PHL short films join 34th Singapore International Film Festival

STILL from All This Wasted Space by Cris Bringas

THE SINGAPORE International Film Festival (SGIFF), which has been held annually since 1987, will take place from Nov. 30 to Dec. 10 this year. This 34th edition boasts 101 films from all over the world, four of which are short films by Filipino filmmakers.

Competing in SGIFF’s Southeast Asian Short Film Competition are All This Wasted Space by Cris Bringas, Primetime Mother by Sonny Calvento, Cross My Heart Hope to Die by Sam Manacsa, and The River That Never Ends by JT Trinidad.

Emily J. Hoe, SGIFF executive director, said at the online media launch that the theme for the year is “tapestry.”

“It’s textured, intertwined, reflecting the diversity of perspectives through film, through threads that come together to show stories. Film connects us all, to each other and to the world,” said Ms. Hoe.

FILIPINO NARRATIVESCris Bringas’ All This Wasted Space is an experimental documentary that follows Nica, who returns to her mother’s home to retrieve an item to place in her mother’s coffin. The film aims to trace her invisible personal traumas as a queer woman and the hidden historical traumas present in the physical space where she returns.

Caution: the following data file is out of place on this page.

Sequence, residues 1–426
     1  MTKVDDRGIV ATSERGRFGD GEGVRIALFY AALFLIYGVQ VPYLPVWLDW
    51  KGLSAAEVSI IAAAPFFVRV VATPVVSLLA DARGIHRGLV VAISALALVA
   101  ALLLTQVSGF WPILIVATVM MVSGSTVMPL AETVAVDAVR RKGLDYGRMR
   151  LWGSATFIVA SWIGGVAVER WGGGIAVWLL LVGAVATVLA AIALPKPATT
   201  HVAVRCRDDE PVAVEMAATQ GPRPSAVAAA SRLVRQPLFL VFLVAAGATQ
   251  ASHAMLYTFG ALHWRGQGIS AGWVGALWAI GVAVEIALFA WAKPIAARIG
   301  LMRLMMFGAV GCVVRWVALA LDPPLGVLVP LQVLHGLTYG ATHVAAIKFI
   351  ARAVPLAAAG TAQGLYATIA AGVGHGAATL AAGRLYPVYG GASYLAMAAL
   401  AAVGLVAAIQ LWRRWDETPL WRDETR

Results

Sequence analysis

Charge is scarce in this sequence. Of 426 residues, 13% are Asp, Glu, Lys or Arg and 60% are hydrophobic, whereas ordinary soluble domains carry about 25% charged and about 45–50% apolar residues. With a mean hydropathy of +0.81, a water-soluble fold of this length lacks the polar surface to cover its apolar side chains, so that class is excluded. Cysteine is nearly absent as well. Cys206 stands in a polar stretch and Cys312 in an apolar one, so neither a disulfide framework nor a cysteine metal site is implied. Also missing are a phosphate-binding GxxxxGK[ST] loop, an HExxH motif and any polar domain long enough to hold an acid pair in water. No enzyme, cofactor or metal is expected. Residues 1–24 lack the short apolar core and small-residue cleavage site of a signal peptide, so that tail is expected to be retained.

“Going back means confronting a buried past, remembering a history of abuses,” the film’s director told BusinessWorld via Zoom. “It’s a contemplation of the meaning of home,” said Mr. Bringas.

JT Trinidad’s fictional short The River That Never Ends, which premiered in QCinema last year, is also a reflection on space. It centers on transwoman Baby who struggles to keep up when the rest of her life is so easily swept away, much like how the Pasig River she lives next to being overwhelmed by the construction of an expressway.

Sonny Calvento, whose short film Primetime Mother starring Meryll Soriano is also in the competition, felt honored to share that his work told “in a very Filipino way” finds itself in the international film scene, starting with the Toronto International Film Festival earlier this year.

It is a film about a Filipino gameshow “complete with dance showdowns and melodramatic contestant life stories,” he said in a Facebook post. The fictional story follows how their fortitude, tenacity, and devotion to the maternal role are tested in an exploitative gameshow audition.

Meanwhile, Sam Manacsa’s Cross My Heart Hope to Die tackles worker exploitation and love through the character of Mila, who struggles with unpaid work and finds comfort in constant phone calls with a love interest. Her film debuted at the Venice Short Film Competition earlier this year.

Mr. Bringas, who is proud of his and his fellow Filipino filmmakers’ ability to showcase Filipino narratives on the world stage, believes that cinema exists as a form of keeping records.

“As a documentarist, my perspective is that filmmaking is about taking up space; reclaiming space. The role of keeping records is important,” he said. — Brontë H. Lacsamana

Neil Banzuelo

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